A man enjoy the sea and the sun as in the background the Russian aircraft carrier Admiral Kuznetsov lies at anchor off Cyprus’ largest port of Limassol.AP
A permanent Russian naval base will be set up in the Syrian city of Tartus, Russian Deputy Defense Minister Nikolai Pankov announced on Oct. 10.
The Defense Ministry has already prepared the relevant documents and will soon submit them to parliament for ratification, he said.
In fact, Russia has had a naval facility in Tartus since the mid-1980s. The base miraculously managed to survive after the breakup of the Soviet Union.
“At the time, defense ministers were busy winding down the Russian presence abroad. Over the past 25 years, we have lost bases in Qatar and Yemen, whereas Tartus has miraculously survived,” retired colonel-general Leonid Ivashov, head of the International Center of Geopolitical Analysis, a Moscow-based think tank, told RBTH.
He added that at the moment, the Russian naval facility in Syria consists of a floating workshop, which can provide only basic maintenance and repairs to ships.
“It houses very basic facilities for ships passing through the Mediterranean. In Tartus, crews can replenish their food and ammunition supplies as well as carry out basic repairs of their ships,” he said.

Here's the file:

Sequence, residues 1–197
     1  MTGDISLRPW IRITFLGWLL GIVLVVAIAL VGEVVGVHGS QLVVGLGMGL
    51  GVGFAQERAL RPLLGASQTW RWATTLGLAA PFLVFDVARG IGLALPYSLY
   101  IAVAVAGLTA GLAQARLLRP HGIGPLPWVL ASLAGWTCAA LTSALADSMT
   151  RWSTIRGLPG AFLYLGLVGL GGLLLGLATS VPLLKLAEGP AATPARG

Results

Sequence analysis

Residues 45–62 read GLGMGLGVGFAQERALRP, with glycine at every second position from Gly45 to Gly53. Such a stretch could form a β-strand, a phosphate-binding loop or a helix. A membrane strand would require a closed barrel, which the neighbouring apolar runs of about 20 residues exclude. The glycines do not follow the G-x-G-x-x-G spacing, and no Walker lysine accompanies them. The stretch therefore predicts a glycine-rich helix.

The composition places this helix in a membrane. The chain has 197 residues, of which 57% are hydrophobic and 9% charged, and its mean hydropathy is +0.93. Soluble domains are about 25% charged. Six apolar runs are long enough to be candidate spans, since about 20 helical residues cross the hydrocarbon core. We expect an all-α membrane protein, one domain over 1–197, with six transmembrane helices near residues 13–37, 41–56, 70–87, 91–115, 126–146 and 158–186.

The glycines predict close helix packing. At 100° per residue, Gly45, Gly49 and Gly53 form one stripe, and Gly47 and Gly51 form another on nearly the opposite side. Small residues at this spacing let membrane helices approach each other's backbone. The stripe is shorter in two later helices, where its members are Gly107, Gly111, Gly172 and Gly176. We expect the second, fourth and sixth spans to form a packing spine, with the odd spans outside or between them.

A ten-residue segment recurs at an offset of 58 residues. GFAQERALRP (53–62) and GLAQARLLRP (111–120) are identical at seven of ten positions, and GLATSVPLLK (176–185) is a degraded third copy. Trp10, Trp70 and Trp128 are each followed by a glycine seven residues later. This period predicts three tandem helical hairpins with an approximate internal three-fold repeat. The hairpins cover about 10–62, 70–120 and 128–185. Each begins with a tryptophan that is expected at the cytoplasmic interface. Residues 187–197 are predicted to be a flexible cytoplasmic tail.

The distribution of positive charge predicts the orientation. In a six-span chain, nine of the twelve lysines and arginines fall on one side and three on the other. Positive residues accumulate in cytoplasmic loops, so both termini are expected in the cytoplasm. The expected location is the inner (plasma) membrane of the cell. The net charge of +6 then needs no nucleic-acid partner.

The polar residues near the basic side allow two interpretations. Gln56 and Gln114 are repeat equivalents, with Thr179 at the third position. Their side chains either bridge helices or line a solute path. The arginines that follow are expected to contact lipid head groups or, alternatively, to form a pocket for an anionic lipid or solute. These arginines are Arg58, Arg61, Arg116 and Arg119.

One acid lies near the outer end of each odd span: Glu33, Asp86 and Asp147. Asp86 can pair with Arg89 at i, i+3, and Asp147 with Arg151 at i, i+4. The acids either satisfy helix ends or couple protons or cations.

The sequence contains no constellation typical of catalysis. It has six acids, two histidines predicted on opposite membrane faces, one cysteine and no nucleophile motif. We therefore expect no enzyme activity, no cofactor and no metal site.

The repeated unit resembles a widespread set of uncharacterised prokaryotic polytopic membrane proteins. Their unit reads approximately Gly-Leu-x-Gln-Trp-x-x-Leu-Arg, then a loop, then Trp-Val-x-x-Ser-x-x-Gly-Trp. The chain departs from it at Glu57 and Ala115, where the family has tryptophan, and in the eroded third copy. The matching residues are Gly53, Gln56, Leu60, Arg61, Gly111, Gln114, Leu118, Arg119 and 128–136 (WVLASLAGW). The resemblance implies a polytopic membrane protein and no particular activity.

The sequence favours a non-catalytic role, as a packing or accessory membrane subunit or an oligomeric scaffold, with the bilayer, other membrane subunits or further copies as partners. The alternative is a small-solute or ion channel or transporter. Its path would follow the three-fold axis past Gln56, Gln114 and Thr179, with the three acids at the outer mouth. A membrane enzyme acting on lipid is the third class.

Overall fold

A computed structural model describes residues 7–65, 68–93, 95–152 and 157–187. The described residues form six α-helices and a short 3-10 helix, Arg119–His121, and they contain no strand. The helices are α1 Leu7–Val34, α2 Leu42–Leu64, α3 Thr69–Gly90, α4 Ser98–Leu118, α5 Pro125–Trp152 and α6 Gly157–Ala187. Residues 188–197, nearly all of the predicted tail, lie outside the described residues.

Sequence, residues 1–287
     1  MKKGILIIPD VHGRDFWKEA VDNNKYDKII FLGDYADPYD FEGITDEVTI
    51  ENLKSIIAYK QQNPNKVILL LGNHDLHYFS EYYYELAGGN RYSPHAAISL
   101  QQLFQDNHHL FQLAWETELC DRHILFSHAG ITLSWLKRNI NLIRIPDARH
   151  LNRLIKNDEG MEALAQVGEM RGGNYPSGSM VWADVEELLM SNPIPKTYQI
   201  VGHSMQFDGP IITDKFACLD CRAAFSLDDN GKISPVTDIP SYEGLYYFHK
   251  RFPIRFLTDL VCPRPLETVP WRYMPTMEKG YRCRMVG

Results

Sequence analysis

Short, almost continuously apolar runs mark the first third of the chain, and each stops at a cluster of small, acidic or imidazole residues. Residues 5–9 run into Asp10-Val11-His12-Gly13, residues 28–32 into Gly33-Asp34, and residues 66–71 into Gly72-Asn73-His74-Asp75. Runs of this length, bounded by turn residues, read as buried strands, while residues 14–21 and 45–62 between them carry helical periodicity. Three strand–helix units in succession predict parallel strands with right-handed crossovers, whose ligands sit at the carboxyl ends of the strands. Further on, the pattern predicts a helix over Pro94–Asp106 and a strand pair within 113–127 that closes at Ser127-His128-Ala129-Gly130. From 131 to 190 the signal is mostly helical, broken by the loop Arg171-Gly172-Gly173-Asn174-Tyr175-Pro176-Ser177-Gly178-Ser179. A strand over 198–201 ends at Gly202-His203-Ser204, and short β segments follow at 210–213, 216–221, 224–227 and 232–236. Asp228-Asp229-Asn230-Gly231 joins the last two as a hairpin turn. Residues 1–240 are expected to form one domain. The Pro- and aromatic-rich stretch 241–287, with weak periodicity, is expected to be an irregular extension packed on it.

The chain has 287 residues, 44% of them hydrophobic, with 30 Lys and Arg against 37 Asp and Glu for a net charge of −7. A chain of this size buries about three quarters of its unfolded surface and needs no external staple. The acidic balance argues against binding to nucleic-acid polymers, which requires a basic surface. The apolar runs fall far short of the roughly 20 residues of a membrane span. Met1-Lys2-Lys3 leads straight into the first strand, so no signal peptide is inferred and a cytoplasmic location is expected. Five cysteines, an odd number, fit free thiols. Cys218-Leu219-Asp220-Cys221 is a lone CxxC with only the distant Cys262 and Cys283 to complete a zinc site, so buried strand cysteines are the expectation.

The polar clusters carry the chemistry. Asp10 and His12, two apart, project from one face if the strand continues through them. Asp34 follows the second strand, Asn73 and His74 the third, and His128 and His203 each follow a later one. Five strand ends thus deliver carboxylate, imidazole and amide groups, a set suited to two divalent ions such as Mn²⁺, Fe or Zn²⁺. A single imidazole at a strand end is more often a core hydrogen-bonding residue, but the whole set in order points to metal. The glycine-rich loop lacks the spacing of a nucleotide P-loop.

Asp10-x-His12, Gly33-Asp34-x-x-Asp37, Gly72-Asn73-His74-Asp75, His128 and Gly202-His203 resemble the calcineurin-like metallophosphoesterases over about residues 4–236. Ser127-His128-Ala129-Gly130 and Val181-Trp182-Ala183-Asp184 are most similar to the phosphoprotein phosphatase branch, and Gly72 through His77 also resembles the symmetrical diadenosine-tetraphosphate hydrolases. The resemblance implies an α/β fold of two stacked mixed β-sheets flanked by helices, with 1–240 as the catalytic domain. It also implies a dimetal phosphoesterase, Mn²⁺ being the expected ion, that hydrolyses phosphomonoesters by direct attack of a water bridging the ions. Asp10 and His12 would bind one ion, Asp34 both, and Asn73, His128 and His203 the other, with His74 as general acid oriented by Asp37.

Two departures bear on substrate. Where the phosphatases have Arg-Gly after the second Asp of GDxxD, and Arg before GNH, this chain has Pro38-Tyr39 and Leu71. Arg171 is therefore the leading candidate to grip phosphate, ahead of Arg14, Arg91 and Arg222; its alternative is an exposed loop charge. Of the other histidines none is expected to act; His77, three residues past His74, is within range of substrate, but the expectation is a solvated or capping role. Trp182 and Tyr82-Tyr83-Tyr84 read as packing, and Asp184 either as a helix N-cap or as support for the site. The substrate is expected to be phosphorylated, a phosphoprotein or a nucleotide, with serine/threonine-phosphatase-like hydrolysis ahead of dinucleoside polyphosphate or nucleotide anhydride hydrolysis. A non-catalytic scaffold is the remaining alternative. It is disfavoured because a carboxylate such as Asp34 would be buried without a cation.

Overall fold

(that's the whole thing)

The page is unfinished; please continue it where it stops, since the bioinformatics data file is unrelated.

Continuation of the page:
According to an RBTH source in the defense industry complex, now the base will have piers for ships’ permanent deployment, as well as barracks for housing service personnel and air defense troops and security units.
At the same time, the number of troops who will be defending the base in Tartus remains unclear. Everything will depend on the tasks set by the Russian command.
“The first purpose of the future base that comes to mind is the deployment in the Mediterranean of the Admiral Kuznetsov aircraft carrier with Su-33 and MiG-29K/KUB fighter jets as well as Ka-52K attack helicopters,” said Dmitry Litovkin, a military observer for the Izvestiya daily newspaper.
Without a base like this, deploying a full-fledged naval detachment in the Mediterranean could take weeks, he added.
“However, now ships with Kalibr-NK cruise missiles can be permanently based on the Syrian shores. And the deployment of a naval detachment at sea will take several hours rather than weeks,” said Litovkin.
After the breakdown of Russian-U.S. cooperation on Syria, Russia has dispatched Su-24 and Su-34 tactical bombers to the region, with Su-25 strike aircraft being prepared for redeployment too.
Last week, the Russian Defense Ministry additionally deployed an S-300V4 Antey-2500 missile system (SA-23 Gladiator in NATO classification) closer to the theater of operations.
This tracked version of the S-300 air defense missile system is intended to provide cover to service personnel in combat positions. It is capable of destroying enemy ballistic missiles approaching targets at a speed of up to 2.5 kilometers (1.5 miles) per second from a distance of up to 150 km (93 miles).
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